A Masters in Sports Science, a workout plan that is measured down to the millisecond, and/or a PhD in anatomy are not required before achieving desired results at the gym. Having a basic understanding of how your body works can be hugely valuable in itself.
There’s a lot of false information out there. Let’s look at common myths about the gym and debunk them!
THE MYTH: After lifting, there’s only a half-hour window available for feeding the muscles.
Protein shakes are popular partially because of a “bro science” theory that there’s a half-hour “anabolic window” for protein when a workout is finished. There’s a small morself of truth in that misinformation thought: protein is necessary for those chasing muscles. Specifically 0.7g to 1g per pound of bodyweight on a daily basis.
Consumption to that end is easily accomplished in three to five meals. A shake post-lift certainly counts towards those meals. However, according to the Journal of the International Society of Sports Nutrition, the window of muscles being primed for protein isn’t just limited to 30 minutes.
THE MYTH: Isolation exercises are unhelpful.
An isolation exercise isolates a single muscle, such as the biceps, which makes it an excellent way to build and strengthen that muscle. But the rise of CrossFit has convinced most trainers that doing curls — or any other isolation exercise — is unnecessary, because they are convinced that exercises that activate multiple muscles build more real-world strength and endurance.
Not so, according to research at Tufts University. The leg extension, which straightens the knee, increased walking speed in elderly men by almost 50 percent, even when performed using only one muscle. Even isolation exercises recruit stabilizing muscles if done correctly.
THE MYTH: Soreness is a good thing, especially when it comes to growing muscles.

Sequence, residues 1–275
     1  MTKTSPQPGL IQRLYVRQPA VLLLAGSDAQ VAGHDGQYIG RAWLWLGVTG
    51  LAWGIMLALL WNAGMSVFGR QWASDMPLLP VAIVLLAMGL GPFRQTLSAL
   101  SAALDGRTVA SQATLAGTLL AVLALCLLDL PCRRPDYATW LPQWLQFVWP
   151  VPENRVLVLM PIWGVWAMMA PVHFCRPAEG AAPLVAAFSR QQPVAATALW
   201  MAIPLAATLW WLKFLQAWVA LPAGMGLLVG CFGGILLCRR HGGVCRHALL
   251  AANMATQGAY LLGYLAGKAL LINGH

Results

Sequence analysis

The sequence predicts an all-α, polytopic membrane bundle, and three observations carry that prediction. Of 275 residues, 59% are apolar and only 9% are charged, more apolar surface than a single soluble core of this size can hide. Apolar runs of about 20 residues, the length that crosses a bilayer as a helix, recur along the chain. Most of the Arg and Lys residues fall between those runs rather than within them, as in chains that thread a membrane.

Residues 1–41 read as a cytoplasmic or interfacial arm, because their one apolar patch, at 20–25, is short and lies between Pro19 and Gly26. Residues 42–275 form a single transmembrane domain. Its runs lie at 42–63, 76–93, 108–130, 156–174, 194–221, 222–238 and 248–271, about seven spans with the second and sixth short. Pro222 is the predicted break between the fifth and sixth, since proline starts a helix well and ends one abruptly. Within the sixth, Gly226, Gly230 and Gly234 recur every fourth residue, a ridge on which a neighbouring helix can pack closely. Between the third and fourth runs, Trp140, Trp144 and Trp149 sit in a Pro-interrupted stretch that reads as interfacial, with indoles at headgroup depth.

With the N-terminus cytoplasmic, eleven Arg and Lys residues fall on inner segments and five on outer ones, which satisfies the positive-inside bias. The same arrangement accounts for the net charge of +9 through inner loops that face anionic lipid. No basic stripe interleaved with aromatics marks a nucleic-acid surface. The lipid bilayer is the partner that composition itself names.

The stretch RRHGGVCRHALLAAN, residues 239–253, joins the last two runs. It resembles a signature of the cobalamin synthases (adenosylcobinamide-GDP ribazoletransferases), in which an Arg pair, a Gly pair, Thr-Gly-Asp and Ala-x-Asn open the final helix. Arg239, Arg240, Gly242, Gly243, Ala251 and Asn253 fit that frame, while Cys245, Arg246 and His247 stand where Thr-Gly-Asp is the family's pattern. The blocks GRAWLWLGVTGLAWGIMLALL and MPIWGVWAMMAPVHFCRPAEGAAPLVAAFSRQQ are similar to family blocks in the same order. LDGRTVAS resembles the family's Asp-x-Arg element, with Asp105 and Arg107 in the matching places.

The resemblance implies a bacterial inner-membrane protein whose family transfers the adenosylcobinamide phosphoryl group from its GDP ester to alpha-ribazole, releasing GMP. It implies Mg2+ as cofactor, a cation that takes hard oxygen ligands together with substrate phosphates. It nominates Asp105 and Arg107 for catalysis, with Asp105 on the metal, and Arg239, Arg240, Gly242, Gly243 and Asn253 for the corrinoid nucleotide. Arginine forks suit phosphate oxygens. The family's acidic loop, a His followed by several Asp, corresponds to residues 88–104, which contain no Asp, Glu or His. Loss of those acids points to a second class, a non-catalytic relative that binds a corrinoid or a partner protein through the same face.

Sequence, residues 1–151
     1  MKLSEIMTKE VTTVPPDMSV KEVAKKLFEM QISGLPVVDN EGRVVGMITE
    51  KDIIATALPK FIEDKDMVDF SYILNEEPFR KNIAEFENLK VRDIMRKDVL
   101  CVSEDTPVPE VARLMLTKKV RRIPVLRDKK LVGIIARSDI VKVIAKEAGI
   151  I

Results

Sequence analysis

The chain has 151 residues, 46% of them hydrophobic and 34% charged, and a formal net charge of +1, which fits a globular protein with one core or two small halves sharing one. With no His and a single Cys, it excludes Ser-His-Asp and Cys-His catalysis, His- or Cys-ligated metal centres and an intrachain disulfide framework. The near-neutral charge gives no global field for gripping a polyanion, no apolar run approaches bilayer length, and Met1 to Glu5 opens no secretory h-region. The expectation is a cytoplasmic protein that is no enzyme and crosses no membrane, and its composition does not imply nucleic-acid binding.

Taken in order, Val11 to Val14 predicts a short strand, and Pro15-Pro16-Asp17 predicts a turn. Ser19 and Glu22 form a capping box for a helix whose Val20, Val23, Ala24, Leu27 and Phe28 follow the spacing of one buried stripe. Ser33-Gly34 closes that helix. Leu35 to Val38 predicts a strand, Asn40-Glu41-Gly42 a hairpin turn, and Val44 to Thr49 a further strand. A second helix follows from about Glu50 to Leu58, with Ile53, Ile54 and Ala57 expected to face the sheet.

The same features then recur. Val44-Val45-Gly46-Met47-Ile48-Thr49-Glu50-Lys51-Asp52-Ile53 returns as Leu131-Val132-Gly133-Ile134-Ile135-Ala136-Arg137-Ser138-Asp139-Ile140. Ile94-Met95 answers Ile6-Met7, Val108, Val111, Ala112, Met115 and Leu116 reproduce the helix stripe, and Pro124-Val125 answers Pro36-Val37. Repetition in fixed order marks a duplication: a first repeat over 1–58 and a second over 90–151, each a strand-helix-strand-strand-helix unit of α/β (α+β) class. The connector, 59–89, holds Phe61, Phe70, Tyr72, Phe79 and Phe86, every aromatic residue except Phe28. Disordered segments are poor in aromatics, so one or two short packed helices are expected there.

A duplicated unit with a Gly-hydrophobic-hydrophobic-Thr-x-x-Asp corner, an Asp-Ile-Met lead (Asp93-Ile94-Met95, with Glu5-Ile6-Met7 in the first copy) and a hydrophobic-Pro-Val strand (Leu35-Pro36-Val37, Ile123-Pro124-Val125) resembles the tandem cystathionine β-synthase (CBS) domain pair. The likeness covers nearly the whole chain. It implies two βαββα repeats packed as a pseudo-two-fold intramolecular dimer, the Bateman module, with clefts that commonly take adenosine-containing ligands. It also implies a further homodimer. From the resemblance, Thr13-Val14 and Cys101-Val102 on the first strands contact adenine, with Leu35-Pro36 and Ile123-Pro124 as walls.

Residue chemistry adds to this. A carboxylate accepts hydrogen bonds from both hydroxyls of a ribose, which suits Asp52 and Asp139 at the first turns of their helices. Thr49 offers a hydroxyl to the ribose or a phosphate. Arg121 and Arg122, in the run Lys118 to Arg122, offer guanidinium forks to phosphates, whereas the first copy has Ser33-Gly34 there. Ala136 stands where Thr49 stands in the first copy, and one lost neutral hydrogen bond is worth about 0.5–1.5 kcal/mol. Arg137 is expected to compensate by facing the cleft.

One of the signs that you’re improving in your workouts is your sore muscles the next day.
This is what is known as delayed onset muscle soreness, or DOMS. Identified in 1902, DOMS can mean the difference between no progress and progress up until this point.
If this is your first time training, you may get more soreness than usual because you’re tearing muscle fibers. However, tearing them does not necessarily mean you are getting bigger and stronger!
Ideally, effectiveness should be the only basis for tracking your workouts for some time. Look into key exercises such as squats. See improvement in your reps, weight or form? Then you’re certainly on the right track.
THE MYTH: To optimise gains, it’s best to lift at max capacity
It’s easy to think that you should lift even heavier weights than the biggest men at your gym. However, a Brazilian study published in PLOS One has challenged this idea. Both groups lifted similar weights, but only one group did 21 to 36 reps. The other group did only 7 to 9 reps.
So, you shouldn’t automatically lift heavy weights whenever you work out. But if you’re tired, you won’t lose any muscle by doing a few sets of press-ups to build strength.
A lot of misinformation goes around these days regarding fitness. The gym in particular is surrounded by plenty of myths. These include lifting at max capacity helping for gains (not necessarily all the time) to be optimized and isolation exercises being unhelpful (it’s the opposite).
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